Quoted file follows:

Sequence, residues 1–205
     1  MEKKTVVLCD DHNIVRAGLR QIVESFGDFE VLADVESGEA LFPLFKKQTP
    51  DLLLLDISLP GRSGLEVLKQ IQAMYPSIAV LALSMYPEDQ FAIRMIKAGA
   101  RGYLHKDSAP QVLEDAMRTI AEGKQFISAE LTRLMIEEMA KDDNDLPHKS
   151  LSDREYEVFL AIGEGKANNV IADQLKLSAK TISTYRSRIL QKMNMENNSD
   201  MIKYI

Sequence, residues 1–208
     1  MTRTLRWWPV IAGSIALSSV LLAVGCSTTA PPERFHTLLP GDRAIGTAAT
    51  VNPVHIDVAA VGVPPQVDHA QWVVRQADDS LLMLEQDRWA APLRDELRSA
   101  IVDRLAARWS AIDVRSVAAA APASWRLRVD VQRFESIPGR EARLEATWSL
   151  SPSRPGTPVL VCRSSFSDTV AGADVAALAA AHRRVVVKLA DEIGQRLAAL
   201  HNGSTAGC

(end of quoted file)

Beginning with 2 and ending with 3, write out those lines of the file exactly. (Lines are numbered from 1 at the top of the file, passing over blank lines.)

     1  MEKKTVVLCD DHNIVRAGLR QIVESFGDFE VLADVESGEA LFPLFKKQTP
    51  DLLLLDISLP GRSGLEVLKQ IQAMYPSIAV LALSMYPEDQ FAIRMIKAGA